Even when sin and misunderstanding burden the common life, is not the one who sins still a person with whom I too stand under the word of Christ? Will not another Christian’s sin be an occasion for me ever anew to give thanks that both of us may live in the forgiving love of God in Jesus Christ? Therefore, will not the very moment of great disillusionment with my brother or sister be incomparably wholesome for me because it so thoroughly teaches me that both of us can never live by our own words and deeds, but only by that one Word and deed that really binds us together, the forgiveness of sins in Jesus Christ?
(p. 37). Bonhoeffer urges us to celebrate the fact that we are in community with sinners — because sin reminds us that we are all saved by grace — and that we are bound together by a common forgiveness.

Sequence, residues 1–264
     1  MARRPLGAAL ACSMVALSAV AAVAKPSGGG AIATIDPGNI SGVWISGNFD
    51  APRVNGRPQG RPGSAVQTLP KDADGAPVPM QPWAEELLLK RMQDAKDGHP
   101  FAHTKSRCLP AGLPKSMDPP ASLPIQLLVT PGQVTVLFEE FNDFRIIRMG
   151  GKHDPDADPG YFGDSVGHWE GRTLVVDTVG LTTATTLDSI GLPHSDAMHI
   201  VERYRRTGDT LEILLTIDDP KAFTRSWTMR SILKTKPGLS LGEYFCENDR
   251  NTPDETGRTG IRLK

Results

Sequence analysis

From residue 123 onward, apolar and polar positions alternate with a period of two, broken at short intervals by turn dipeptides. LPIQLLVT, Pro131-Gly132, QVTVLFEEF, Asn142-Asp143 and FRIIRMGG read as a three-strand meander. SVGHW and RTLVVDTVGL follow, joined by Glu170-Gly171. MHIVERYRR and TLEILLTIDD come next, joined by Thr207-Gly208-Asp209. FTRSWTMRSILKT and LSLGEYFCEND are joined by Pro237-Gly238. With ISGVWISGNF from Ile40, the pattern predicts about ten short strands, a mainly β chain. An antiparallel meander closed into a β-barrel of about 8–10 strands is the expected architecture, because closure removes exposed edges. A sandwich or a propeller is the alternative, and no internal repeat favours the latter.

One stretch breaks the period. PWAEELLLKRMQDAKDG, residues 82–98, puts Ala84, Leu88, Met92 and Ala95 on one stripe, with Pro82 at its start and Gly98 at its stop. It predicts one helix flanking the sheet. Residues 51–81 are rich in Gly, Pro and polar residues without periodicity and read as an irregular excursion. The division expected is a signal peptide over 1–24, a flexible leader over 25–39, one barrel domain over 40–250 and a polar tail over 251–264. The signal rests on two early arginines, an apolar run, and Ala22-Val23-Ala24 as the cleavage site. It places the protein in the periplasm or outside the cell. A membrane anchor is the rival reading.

When sin enters the community, we recoil because we are pledged to flee sin. But when my brother is caught in sin, despite his penitent heart and pledge of faithfulness to Jesus, I should see myself in him, just as I see Jesus in him. I see myself in his failings and imperfections, and I see Jesus in his potential and future.
When I rebuke him for his sin, I rebuke myself, because I too am a sinner. When I beg him to repent, I only ask him to do what I also must do. When I beg him to confess, if we are confessing community, I am only asking him to do what we have all been doing all along.
Therefore, sin is an occasion that can strengthen and build community, just as a broken bone results in a stronger bone. The healing process creates a stronger, closer community as we open our hearts to one another and reveal our true natures to our brothers and sisters.